I had a brutal day at the office today. This got me thinking about some important lessons I learned as a kid. I am always amazed at how valuable those life experiences have turned out to be for me as a business owner. Today’s lesson is courtesy of the late Zig Ziglar, who loved to tell a story about how obtaining water from old wells could relate to making a company work. I love his analogy because I lived out the same experience with my grandfather.
When I was a little boy, Grandpa had a hand-dug well in his front yard. It was not unusual for him to send one of the grandkids out with a bucket to get fresh water. If you have never used one of these old pumps, here is how they work: Every time you pull the handle down, water is raised, and every time you allow the handle to go up, the pump is lowered into the water, loading itself for the next push.
I remember one of my trips to the well. Grandpa handed me a three-gallon bucket and to my surprise, it was not empty. Ever the inquisitive kid, I needed to know why he would hand me a bucket that already had water in it. As we walked across the yard he told me, “You cannot get anything out of the well without putting something in first.” The water was necessary to prime the pump for the job.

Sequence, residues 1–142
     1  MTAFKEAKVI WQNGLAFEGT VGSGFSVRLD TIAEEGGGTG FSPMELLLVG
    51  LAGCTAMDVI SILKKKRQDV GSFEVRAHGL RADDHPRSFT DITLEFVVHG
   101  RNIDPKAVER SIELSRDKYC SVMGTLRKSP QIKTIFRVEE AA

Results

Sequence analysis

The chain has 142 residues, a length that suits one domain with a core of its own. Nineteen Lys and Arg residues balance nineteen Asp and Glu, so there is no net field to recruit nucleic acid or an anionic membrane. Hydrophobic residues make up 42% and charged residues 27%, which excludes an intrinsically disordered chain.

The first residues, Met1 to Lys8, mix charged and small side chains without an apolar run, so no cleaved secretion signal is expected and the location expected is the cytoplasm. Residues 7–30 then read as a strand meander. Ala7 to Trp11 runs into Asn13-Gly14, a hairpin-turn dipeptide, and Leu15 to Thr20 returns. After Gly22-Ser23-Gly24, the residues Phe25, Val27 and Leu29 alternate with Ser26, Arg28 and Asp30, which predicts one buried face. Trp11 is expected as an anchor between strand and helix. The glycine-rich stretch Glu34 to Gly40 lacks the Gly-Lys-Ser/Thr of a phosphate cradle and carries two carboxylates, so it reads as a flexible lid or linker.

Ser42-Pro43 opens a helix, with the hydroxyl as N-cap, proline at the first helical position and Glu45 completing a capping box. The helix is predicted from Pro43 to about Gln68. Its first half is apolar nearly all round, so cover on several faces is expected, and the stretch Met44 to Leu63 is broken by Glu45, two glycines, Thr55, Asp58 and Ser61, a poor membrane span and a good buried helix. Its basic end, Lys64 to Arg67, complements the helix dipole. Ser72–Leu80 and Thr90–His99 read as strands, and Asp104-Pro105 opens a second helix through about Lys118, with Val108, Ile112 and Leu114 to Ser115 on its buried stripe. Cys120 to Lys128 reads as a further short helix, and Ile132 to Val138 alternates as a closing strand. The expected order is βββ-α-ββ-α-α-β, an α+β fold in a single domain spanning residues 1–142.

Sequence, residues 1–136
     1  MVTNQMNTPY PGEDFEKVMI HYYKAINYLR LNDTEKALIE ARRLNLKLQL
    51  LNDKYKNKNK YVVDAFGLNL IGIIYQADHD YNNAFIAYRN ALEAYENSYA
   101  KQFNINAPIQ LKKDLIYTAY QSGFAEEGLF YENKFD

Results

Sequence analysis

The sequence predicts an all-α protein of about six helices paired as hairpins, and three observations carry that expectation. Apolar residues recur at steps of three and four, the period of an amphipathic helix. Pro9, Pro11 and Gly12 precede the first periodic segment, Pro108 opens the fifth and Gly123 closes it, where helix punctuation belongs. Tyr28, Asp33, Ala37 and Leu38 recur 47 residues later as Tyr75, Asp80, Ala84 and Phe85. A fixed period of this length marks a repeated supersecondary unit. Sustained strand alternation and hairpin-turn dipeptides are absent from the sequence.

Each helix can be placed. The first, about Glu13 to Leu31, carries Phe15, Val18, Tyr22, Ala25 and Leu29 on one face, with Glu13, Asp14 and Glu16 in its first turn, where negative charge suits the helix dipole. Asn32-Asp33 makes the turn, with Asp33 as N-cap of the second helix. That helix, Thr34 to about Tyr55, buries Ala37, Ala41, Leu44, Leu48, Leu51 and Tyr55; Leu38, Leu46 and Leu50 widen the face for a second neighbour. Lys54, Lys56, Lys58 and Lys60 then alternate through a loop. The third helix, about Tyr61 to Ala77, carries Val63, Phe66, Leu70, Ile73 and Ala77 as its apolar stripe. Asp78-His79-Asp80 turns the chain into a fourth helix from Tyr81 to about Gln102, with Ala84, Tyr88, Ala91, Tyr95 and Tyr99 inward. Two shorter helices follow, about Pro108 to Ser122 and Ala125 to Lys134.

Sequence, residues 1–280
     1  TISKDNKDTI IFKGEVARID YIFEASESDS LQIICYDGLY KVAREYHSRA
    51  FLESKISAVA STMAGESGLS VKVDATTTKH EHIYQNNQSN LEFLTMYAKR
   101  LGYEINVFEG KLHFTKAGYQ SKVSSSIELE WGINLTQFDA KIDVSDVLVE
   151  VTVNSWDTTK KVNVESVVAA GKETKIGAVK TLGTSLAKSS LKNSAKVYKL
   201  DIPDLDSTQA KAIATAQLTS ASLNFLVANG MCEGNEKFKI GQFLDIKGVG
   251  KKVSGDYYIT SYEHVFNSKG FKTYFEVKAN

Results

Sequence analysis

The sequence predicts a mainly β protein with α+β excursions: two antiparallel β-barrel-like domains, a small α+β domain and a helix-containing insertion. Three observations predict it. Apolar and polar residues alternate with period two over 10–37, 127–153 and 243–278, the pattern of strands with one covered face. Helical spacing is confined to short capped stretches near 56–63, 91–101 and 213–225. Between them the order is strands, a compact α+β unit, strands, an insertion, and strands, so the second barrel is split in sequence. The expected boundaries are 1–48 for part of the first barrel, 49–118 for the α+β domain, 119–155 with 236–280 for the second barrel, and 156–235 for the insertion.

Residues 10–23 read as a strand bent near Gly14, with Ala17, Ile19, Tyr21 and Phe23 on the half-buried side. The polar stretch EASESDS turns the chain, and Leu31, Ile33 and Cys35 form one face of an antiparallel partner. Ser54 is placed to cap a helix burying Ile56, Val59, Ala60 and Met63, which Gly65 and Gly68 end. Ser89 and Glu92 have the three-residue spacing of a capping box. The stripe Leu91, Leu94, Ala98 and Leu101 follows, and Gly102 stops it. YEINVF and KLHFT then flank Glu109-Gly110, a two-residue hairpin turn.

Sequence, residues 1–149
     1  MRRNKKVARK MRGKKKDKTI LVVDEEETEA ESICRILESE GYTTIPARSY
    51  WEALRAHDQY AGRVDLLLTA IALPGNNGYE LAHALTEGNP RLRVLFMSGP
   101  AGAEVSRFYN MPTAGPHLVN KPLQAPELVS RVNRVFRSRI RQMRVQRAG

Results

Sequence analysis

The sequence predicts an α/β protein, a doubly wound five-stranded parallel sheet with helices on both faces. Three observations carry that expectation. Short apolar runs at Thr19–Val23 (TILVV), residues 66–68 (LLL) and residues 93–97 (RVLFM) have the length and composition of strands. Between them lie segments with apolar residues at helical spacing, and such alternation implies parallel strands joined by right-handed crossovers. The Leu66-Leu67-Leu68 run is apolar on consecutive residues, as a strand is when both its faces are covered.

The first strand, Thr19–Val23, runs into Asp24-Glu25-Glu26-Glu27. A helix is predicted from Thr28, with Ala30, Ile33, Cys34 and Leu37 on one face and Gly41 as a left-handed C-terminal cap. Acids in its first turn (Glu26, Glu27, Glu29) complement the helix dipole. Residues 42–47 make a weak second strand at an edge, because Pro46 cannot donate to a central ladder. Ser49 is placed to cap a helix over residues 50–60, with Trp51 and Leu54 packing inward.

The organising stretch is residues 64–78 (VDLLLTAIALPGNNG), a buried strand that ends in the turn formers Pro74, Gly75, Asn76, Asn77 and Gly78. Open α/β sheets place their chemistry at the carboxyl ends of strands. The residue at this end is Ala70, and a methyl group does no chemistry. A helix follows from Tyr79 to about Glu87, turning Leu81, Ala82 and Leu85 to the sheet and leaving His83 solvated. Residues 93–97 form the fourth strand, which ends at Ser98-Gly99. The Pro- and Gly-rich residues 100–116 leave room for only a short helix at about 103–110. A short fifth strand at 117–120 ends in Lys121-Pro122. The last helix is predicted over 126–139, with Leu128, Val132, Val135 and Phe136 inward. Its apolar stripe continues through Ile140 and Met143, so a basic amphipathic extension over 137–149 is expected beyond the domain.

Another lesson that I learned at the handle of that old pump was to never give up. As a child, I would work up a sweat pumping the handle until I could hardly pump anymore. When I reached this point in the process, Grandpa would encourage me, “You can do it. Don’t quit.” I would try hard but would always have to take a break for a few seconds before I started pumping again. When I stopped, the water would go all the way back down to the bottom of the well and I would have to start over.
Finally, Grandpa told me that when it is hardest to pump, that is when the water is about to start flowing. I was exerting all my effort and quitting just as I was about to get my reward. Once the water finally began to pour forth, something amazing would happen. The hard work was over, and all I had to do was pump slowly and steadily for the well would give me as many buckets as I needed.
You might be wondering why my lousy day at work generated memories of the well at my grandfather’s house. Well, it started when I received our end-of-the-month financials. Our losses were more than just a drop in the bucket. I discovered we had taken some unexpected and significant financial hits making it the worst month in my 39 years of business.
I knew we had some unforeseen issues but was blindsided when I saw the numbers were worse than we originally forecasted. The situation is the result of leadership taking actions that were counterproductive to earnings, which ended up costing us millions.
I was feeling defeated because I knew I could not go back in time and change the moves that had been made. Were these events beyond my control? I would like to say yes. But the truth is, the buck stops with me, so I take responsibility for the bottom line.